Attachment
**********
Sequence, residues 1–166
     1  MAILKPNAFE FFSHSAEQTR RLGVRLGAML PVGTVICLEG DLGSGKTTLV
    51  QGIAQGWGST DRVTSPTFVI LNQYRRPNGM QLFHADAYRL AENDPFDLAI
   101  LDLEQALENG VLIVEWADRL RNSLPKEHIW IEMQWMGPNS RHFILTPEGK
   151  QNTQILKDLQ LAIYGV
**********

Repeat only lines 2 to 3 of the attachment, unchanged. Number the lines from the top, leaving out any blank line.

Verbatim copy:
     1  MAILKPNAFE FFSHSAEQTR RLGVRLGAML PVGTVICLEG DLGSGKTTLV
    51  QGIAQGWGST DRVTSPTFVI LNQYRRPNGM QLFHADAYRL AENDPFDLAI